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Global tablet shipments to shrink by 15 percent

Global tablet shipments to shrink by 15 percent
Global tablet shipments to shrink by 15 percent
Analysts from TrendForce expecting high growth from Microsfot, Amazon, and Apple for Q4 2015.

IDC recently announced its predictions on the state of the tablet market and now it is TrendForce's turn to give a word on current trends.

According to TrendForce, worldwide shipments by the end of 2015 will fall by 14.9 percent YoY to 163.4 million tablets. If comparing to the previous quarter, Apple experienced a drop from 10.9 million tablets shipped in Q2 2015 to 9.9 million in Q3 2015. White-label tablets are on the rise to serve as affordable alternatives to costlier models from major brands.

The Holiday season is traditionally a strong quarter for retailers and TrendForce is expecting this year to be especially big for Amazon, Microsoft, and Apple as we move towards the new year. For Amazon, the new 7-inch Fire 7 for $50 USD is expected to be a bestseller. TrendForce is predicting over 3 million in sales for the new Amazon Fire family. Meanwhile, Microsoft will likely see huge increases in Surface 3 and Surface Pro 3 sales. The iPad Mini 4 and upcoming iPad Pro should help Apple reach a more profitable Q4 2015.

The top 5 tablet ranking sees Apple ahead of the curve with an estimated 13.1 million tablets shipped for Q4 2015 compared to Samsung's 8.5 million and Lenovo's 2.5 million. Asus is in fourth place with just 1.6 million. If Amazon does indeed sell over 3 million tablets this Holiday season, then the retailer will easily overtake Lenovo as the third largest tablet manufacturer.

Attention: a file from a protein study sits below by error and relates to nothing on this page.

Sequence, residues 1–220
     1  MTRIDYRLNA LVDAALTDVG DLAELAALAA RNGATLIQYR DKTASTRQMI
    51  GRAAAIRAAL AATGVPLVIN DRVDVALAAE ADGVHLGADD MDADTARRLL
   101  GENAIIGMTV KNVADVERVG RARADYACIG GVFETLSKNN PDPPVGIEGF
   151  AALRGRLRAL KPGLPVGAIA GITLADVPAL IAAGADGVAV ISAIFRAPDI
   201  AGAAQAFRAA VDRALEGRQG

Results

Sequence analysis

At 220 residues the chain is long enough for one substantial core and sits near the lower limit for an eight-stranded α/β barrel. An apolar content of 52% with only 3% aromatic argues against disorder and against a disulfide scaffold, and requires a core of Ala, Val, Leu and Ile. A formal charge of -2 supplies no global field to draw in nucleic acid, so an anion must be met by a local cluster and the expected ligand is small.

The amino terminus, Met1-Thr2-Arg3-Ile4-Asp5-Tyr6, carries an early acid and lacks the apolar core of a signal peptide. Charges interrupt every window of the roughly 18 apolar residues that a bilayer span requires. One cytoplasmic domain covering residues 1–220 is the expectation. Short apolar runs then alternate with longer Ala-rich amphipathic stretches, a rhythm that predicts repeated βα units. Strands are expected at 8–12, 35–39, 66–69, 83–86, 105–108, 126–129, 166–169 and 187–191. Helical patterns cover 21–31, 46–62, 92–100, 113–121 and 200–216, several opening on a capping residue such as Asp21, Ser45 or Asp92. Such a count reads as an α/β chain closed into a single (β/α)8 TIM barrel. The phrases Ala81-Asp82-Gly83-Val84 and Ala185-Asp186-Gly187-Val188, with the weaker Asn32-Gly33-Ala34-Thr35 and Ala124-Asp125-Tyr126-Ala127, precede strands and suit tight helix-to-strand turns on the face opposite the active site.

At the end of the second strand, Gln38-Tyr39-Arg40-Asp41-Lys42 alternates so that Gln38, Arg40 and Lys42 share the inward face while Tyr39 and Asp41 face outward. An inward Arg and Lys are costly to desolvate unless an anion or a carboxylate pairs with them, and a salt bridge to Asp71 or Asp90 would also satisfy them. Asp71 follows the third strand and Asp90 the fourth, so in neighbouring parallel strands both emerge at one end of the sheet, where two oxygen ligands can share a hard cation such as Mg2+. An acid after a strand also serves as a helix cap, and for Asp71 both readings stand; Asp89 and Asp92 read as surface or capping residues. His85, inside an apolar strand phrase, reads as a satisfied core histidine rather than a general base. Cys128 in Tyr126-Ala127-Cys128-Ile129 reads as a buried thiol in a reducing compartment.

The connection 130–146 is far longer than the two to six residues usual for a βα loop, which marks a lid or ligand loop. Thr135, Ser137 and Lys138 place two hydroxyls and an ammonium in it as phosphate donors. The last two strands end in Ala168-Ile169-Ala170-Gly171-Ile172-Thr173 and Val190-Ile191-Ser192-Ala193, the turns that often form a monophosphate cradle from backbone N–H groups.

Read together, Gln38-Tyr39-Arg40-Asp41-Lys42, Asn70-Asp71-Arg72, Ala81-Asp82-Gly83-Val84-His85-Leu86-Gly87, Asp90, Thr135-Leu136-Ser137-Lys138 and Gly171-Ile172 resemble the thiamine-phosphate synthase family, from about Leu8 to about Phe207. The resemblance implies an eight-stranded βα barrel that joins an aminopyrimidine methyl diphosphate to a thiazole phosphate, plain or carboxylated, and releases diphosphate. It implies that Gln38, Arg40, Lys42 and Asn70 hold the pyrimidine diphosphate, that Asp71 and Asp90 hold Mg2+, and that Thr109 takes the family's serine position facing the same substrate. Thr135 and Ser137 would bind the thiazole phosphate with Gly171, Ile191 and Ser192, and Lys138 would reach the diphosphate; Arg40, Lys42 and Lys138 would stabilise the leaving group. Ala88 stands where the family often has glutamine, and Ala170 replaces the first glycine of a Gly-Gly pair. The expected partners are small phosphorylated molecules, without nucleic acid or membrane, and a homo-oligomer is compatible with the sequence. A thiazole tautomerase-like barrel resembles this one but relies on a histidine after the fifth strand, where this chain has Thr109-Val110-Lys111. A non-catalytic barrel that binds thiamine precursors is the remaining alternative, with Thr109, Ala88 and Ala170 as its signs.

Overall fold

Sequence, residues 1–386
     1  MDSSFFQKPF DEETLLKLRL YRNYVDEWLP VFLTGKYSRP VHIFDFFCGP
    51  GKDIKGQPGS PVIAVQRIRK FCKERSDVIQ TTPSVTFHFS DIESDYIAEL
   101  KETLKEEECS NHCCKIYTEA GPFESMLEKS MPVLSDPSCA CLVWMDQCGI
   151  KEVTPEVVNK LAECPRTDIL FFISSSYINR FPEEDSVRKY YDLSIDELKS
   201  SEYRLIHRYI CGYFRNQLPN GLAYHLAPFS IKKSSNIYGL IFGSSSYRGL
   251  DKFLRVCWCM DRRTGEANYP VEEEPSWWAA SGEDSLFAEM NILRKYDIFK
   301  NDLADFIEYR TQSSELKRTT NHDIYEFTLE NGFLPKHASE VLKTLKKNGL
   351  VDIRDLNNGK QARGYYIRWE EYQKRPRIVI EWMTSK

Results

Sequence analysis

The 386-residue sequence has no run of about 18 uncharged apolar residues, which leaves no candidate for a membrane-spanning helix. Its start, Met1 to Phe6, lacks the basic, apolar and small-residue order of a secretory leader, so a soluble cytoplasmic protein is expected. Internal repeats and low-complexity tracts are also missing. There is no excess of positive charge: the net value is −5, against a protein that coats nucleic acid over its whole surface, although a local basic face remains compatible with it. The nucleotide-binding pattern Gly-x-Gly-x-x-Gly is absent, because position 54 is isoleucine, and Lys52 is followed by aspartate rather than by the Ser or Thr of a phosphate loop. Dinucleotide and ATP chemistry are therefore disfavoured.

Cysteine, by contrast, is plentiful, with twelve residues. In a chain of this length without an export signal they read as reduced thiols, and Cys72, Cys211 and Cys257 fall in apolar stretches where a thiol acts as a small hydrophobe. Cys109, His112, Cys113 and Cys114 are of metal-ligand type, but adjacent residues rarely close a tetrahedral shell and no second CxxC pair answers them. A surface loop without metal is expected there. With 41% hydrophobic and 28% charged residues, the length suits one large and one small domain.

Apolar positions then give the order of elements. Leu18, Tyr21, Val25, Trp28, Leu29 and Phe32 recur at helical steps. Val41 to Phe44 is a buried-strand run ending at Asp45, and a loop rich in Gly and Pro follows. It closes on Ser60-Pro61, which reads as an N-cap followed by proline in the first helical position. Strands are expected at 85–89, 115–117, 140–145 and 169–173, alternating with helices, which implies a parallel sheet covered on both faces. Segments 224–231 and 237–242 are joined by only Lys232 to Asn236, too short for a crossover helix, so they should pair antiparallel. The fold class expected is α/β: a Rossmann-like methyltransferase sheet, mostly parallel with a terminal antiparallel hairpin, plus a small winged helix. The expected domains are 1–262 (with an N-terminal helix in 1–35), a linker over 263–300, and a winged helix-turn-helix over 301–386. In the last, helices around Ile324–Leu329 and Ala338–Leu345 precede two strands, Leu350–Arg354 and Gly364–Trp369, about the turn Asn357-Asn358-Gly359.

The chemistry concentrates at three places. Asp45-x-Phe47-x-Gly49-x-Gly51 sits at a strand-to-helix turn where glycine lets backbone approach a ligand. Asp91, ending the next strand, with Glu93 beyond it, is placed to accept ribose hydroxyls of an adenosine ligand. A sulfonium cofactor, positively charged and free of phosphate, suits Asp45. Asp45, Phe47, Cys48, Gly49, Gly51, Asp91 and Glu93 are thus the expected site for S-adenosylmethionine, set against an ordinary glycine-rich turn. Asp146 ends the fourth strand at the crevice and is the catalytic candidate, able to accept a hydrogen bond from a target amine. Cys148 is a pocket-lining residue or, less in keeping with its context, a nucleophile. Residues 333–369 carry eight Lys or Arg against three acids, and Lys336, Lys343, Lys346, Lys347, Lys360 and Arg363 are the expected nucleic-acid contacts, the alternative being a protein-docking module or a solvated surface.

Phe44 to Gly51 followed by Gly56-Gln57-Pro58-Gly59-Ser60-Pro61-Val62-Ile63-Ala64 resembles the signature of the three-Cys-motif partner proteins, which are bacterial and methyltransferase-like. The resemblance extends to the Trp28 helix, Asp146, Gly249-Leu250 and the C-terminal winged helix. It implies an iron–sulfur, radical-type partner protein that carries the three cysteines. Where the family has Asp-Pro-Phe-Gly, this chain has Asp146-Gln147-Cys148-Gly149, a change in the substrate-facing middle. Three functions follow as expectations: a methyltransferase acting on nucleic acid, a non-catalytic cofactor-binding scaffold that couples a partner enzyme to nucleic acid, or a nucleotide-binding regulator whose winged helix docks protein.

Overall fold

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> Notebook / Laptop Reviews and News > News > News Archive > Newsarchive 2015 11 > Global tablet shipments to shrink by 15 percent
Ronald Tiefenthäler/ Allen Ngo, 2015-11- 6 (Update: 2015-11- 6)
Allen Ngo
Allen Ngo - US Editor in Chief
After graduating with a B.S. in environmental hydrodynamics from the University of California, I studied reactor physics to become licensed by the U.S. NRC to operate nuclear reactors. There's a striking level of appreciation you gain for everyday consumer electronics after working with modern nuclear reactivity systems astonishingly powered by computers from the 80s. When I'm not managing day-to-day activities and US review articles on Notebookcheck, you can catch me following the eSports scene and the latest gaming news.